Revised job numbers for 2013 show even less growth than first reported. After the statistical one thing and another, the Department of Workforce Solutions says wage employment grew an average of 0.6 percent during the year. That's down slightly from the 0.7 percent original estimate.

The big part of the 2013 change came because of changes in the 2012 numbers, what DWS called "significant upward revisions" for the fourth quarter. Since job growth during the fourth quarter of 2013 wasn't much, the 2012 changes meant a higher base for comparing 2013 against 2012 and, in turn, meant the 2013 performance became a decline. Putting it another way, initial reports last year showed job growth rates dropping during the second half of the year. After the revisions, the real situation appears to be economic stagnation and not crummy numbers.

Two months ago this column shared the January 16, 2014, forecast from the Bureau of Business and Economic Research at the University of New Mexico. That outlook called for 1 percent wage job growth in 2013, 1.4 percent in 2014 and 1.6 percent in 2015 and 2016. At the time, the year-over-year job growth (through November) was 0.2 percent.

BBER seemed optimistic then, more so now, especially since the state has lost jobs, on a year-over-year basis, in both January (minus 3,700) and February (minus 1,900).

There are 11 job sectors—ten are private, plus government. The two biggest revisions of sector numbers brought confirmation of what seemed obvious during the year.

The financial activities sector was reduced by 1,800 jobs, or 5.1 percent, for an annual average total of 33,400. Maybe the strong increases reported during 2013 reflected hiring for the Medicaid expansion, a DWS economist speculated a while back.

DWS is again reporting big year-over-year finance increases, plus 1,800 for February. Yeah, sure.

Mining and logging got the second largest revision, up 1,500 from the initially reported totals to an annual average of 26,000 wages jobs for 2013. Mining and logging also got a 6 percent boost, or 1,400 jobs, a year ago when the revisions appeared for the 2012 job numbers. The third largest 2013 sector revision came in trade, with retail up 500 and wholesale with 600 more jobs. This is good; retailers bet on growth.

After revisions, Albuquerque added 4,500 jobs for 2013, or an average growth rate of 0.6 percent. The original estimate was 5,300 jobs, or 0.8 percent. The change took Albuquerque from little job growth to even less.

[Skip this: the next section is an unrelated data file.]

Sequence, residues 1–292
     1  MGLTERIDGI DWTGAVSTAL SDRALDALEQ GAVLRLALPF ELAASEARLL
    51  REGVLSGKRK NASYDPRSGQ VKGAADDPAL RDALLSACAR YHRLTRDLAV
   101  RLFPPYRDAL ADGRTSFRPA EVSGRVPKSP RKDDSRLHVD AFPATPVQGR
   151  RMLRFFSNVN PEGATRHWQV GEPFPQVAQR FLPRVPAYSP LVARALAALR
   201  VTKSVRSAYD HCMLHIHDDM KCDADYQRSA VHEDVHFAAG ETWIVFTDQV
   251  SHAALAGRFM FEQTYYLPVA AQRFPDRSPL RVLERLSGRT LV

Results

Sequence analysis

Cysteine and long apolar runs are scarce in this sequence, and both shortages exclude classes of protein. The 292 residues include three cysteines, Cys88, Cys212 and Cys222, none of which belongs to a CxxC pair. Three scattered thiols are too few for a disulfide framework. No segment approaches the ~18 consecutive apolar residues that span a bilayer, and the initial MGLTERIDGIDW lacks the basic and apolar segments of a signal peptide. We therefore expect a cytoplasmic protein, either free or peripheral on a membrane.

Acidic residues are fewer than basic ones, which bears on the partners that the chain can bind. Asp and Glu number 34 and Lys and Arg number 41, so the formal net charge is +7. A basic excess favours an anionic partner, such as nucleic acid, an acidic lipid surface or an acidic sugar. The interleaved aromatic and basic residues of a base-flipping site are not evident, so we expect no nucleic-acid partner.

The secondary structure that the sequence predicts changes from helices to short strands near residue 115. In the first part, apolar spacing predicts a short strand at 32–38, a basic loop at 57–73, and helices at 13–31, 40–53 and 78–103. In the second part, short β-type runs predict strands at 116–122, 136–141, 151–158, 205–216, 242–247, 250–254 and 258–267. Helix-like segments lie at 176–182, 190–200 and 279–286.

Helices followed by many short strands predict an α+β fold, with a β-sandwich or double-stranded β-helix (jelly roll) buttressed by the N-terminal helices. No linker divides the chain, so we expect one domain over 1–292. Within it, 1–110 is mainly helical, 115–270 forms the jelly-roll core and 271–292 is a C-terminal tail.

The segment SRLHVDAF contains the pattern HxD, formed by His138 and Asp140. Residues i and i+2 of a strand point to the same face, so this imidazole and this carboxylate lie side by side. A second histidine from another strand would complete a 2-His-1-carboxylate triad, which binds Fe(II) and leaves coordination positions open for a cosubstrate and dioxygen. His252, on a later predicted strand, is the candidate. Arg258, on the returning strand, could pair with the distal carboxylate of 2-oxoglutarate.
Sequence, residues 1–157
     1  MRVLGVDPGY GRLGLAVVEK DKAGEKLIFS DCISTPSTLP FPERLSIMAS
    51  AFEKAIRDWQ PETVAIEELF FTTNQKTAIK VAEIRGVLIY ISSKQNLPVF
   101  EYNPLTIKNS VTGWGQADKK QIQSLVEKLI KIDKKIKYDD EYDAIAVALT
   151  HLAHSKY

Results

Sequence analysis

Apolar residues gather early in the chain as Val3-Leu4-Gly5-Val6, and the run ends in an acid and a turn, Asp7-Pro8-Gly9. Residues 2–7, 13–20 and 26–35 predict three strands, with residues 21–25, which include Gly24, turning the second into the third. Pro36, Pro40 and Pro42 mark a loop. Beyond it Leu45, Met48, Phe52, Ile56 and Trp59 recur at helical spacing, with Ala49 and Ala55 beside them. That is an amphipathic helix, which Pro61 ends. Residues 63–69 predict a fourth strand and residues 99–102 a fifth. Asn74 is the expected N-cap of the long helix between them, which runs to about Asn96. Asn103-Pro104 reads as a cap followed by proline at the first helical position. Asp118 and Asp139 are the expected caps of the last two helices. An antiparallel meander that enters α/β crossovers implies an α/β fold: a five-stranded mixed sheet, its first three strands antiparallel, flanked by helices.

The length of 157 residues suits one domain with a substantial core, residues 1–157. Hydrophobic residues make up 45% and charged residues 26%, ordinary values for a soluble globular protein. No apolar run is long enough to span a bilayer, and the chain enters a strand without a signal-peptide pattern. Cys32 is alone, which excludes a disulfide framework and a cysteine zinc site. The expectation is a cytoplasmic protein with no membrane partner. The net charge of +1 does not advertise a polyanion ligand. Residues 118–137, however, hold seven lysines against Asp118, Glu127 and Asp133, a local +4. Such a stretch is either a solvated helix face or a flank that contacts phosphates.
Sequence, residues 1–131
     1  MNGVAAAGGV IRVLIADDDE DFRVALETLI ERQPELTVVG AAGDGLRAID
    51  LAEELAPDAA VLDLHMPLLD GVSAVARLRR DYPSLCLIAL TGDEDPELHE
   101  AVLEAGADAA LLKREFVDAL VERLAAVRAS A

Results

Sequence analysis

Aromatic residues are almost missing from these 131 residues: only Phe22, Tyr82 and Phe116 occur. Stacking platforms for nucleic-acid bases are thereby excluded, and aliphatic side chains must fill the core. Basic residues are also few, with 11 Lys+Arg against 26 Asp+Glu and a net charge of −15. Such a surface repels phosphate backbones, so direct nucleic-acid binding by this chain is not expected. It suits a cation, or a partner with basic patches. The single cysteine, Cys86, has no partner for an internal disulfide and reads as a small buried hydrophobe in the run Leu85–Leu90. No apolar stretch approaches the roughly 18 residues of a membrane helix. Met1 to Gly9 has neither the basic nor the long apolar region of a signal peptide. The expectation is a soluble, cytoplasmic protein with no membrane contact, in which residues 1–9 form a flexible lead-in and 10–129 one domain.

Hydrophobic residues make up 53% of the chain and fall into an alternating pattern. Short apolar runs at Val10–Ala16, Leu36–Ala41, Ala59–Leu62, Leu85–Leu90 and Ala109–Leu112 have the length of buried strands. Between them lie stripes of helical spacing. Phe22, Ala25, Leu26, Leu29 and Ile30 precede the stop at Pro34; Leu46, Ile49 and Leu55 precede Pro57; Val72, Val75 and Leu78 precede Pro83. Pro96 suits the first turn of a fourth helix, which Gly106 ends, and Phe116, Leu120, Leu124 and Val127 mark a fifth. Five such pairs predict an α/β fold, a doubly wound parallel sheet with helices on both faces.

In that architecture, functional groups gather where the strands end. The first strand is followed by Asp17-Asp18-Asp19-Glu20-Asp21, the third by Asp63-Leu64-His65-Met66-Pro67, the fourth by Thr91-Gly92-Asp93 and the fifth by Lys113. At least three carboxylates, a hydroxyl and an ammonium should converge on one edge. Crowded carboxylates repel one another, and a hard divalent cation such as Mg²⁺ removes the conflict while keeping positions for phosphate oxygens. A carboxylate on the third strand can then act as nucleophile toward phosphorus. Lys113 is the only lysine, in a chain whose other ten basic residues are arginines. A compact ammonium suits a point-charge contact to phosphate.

Revision brought 900 more jobs to Santa Fe's average annual employment estimate. The total became 61,500 jobs. The year-ago revisions took 900 jobs from Santa Fe. Net zero.

Pre-revision, Las Cruces thought it had lost jobs during 2013. The changes found 1,200 more jobs, turning the average annual job change to a positive 0.8 percent. Farmington's job total also gained from revisions with 500 additional estimated jobs taking the average employment for the year to 49,700.

Given the importance of mining, especially the oil and gas subsector, to the state economy and state government revenue, and given that policy discussions and perhaps decisions are influenced by these numbers, some questions emerge. Starting with: How might these job estimates be closer as the year goes along? For that matter, do we know why the estimates are off as far as they are?

Granting that the numbers are estimates and won't be totally precise, what is the acceptable margin of error? One percent? What would it take to (a) understand the problem and (b) fix it?

After all, a Federal Reserve economist once observed that New Mexico had the worst quality job numbers around, from the statistical view. See www.capitolreportnm.blogspot.com for a summary of the DWS February jobs release, distributed March 28.

 

Harold Morgan has tracked the New Mexico economy for decades. He was editor for 20 years and publisher for four years of Progress, a business newsletter and was the founding editor of the New Mexico Business Journal.